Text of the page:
Tuesday, 17 September 2013
Book Review: 'My Brief History' by Stephen Hawking
I have never read any Hawking before *gasp*, so what a place to start, on his autobiography. Titled 'My Brief History' is really is brief and to the point.
The style of this autobiography is terse, to the point, and mainly about his academic achievements. His children and wives get a brief mention, which is reassuring, with the only other personal story being that of the onset of his disability and the management of it. Which is also brief in comparison to the rest of the story.
I have thought about why this style may have come about and I have several theories, each may play a role. Foremost, he is a scientist, and has given us the facts of his life. There was no embellishment, because scientists don't tend to go for all that touchy-feely stuff.
It takes a lot of effort for Stephen to write. He says explicitly that he manages three or four words per minute using his speech system. This short autobiography translates to many hours of work. Give the guy a break.
He is a private guy, and would prefer not to have all his washing hung out. Although you do get snippets now and then. For instance, when he thought he was dying in the 70s and his children were young, he and his wife decided upon a future father and husband after he was gone. The man that was selected moved in to get better acquainted with the children. Stephen's condition did not go according to what the doctors predicted and months later his marriage was over. It is obvious he did this out of love for his wife and children. It is tragic as to how it turned out.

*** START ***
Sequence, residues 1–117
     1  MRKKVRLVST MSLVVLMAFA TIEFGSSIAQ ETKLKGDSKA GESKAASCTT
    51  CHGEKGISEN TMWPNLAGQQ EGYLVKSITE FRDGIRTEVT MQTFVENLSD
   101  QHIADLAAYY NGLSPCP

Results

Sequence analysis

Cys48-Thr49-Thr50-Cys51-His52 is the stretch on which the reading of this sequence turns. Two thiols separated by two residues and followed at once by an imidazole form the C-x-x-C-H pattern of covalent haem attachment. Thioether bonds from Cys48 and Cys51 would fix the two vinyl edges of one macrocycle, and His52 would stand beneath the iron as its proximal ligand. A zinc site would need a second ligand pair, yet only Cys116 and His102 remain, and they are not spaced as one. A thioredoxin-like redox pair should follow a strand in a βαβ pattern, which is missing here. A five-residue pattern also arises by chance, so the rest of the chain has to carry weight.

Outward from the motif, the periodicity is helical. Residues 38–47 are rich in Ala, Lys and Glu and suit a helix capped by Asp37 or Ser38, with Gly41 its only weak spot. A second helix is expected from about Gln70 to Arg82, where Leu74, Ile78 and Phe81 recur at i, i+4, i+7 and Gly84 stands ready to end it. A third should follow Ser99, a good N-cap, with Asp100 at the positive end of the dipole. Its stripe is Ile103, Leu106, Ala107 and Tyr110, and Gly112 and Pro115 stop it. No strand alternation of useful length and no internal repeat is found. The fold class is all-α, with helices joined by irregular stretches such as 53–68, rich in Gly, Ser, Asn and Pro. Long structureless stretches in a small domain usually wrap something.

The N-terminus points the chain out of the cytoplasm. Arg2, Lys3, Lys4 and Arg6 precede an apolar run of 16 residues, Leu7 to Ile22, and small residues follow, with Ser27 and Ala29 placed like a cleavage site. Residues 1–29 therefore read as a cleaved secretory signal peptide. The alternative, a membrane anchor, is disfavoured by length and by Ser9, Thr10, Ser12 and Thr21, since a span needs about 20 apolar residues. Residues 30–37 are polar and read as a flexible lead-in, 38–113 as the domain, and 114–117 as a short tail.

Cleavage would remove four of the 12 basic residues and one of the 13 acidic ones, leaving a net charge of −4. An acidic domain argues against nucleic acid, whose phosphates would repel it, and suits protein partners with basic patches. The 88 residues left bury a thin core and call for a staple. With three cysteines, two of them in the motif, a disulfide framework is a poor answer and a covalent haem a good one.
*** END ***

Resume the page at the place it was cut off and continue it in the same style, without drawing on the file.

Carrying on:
The closest autobiography in style to this that comes to mind is Roald Dahl's 'Boy' and 'Going Solo'. Both authors give brief tales that are full of facts and not much feelings.
So a nice quick read that gives us a look at the personality and work that the amazing man has done over the last 50 or so years. Just be careful about your expectations of what this autobiography will give you. It will not give you an in depth warts and all account of his whole life. But still well worth the read if you are a fan or a fellow scientist interested in how famous academics live and research. It has given me the inspiration to move his other works up my to-read list.